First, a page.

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Sweden’s Ericsson Sued by 37 Shareholders for $170 Million: Report

Sweden’s Ericsson Sued by 37 Shareholders for $170 Million: Report

Written by Sanjay Kumar

Ericsson

Telecommunications company

  • CEO: Börje Ekholm (16 Jan 2017)
  • Headquarters: Stockholm, Sweden
  • Founded: 1876, Stockholm, Sweden
  • Founder: Lars Magnus Ericsson
  • Number of employees: 1,04,931 (2023)
  • Subsidiaries: Cradlepoint; Emodo; iconectiv; inCode Consulting; Red Bee Media; Vonage

Thirty-seven Ericsson shareholders are taking legal action against the Swedish telecoms company, seeking a total of 1.8 billion Swedish crowns (equivalent to approximately $170 million or Rs. 1,405 crores). Their claim is based on the allegation that the company’s CEO, Boerje Ekholm, disclosed information about activities in Iraq, which subsequently caused a significant drop in the company’s stock value. This report was published in the business daily Dagens Industri on Friday (August 4).

Over the past year, Ericsson and its CEO, Boerje Ekholm, have faced heavy criticism for their handling of an internal investigation into the company’s operations in Iraq and their involvement in a scandal related to potential payments to the Islamic State.

The shareholders pursuing the legal action include various investment firms and pension funds, and although they have filed separate lawsuits with a Swedish court, their efforts are being coordinated, according to the report.

In response to the allegations, Ericsson has stated that it completely disputes the claims made against it and will vigorously defend its position. The company emphasizes that this legal challenge is unprecedented in Swedish litigation and runs contrary to fundamental principles of Swedish corporate law, as mentioned in an emailed statement.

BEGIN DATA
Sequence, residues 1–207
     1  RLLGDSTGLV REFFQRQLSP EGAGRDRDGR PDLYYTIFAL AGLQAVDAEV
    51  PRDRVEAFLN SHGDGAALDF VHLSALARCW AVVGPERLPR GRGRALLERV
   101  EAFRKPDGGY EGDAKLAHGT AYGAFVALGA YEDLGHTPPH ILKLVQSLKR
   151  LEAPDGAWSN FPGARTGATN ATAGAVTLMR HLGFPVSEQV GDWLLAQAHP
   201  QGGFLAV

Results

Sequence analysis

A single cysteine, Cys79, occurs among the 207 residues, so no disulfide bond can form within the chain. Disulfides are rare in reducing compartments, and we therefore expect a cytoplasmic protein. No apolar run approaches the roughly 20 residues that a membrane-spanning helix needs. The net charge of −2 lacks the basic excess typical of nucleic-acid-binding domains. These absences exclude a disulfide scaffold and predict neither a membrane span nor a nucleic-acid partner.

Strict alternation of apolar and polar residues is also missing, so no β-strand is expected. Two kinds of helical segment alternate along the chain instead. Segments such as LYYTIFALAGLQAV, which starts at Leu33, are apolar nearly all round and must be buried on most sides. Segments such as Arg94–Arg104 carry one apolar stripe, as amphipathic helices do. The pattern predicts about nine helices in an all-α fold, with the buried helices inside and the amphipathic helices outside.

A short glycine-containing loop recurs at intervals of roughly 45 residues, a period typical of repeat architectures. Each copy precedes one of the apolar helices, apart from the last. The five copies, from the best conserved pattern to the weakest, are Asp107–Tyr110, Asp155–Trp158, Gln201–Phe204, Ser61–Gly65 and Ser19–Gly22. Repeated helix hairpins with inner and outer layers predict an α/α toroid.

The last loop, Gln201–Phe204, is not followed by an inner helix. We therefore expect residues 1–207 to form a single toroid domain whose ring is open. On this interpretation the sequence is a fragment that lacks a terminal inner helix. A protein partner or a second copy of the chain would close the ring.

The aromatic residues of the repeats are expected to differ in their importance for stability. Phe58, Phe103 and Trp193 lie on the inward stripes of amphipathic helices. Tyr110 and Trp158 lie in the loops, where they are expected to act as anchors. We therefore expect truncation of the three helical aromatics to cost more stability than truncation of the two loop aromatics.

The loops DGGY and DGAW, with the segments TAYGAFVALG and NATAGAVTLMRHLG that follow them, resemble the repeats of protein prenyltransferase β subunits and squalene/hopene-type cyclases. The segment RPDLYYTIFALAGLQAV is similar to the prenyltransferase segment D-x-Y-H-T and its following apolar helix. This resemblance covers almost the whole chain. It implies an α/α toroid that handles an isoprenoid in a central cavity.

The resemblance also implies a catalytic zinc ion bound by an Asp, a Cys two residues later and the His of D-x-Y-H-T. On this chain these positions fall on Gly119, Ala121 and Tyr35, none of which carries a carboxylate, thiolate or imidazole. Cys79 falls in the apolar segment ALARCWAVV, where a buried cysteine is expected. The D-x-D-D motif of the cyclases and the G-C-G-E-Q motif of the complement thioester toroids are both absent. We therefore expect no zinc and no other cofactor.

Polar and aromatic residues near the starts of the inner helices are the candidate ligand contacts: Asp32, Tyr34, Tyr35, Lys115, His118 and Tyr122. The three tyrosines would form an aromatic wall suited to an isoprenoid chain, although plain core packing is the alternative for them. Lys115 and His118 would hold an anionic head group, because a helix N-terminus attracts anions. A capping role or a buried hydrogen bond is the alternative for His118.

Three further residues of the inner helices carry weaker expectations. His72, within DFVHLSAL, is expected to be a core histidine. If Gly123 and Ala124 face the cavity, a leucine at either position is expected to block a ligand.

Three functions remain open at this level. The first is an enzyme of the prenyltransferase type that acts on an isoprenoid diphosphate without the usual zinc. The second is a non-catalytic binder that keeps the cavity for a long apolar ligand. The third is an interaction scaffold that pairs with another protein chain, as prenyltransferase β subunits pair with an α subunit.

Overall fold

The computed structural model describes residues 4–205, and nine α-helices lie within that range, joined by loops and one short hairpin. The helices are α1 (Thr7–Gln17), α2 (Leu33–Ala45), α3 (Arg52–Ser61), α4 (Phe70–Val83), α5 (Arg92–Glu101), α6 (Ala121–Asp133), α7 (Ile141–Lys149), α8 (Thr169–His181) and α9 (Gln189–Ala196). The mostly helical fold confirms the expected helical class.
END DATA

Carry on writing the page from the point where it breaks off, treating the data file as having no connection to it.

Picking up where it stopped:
As of now, the Swedish court has not issued any response to inquiries made after business hours.

The shareholders are demanding compensation for the sharp decline in Ericsson’s share price since February 16, 2022, after Dagens Industri published an interview with CEO Ekholm, in which he disclosed information from an internal report about the company’s activities in Iraq. The share price has dropped by half, reaching 52.71 crowns on Friday.

In May of this year, Nasdaq Stockholm conducted a review of Ericsson’s public disclosures related to the report. Their findings concluded that the content of the report did not contain information that a reasonable investor would have used to make an informed investment decision.

Conclusion:

Ericsson, a prominent player in the telecoms industry, finds itself in a legal quagmire as shareholders demand compensation for a sharp drop in its share price following CEO Boerje Ekholm’s disclosure of activities in Iraq. The company staunchly denies all allegations, setting the stage for a protracted legal battle. As the court deliberates on the matter, the outcome will shape the future trajectory of Ericsson and the expectations investors hold for corporate accountability in Sweden’s business landscape.

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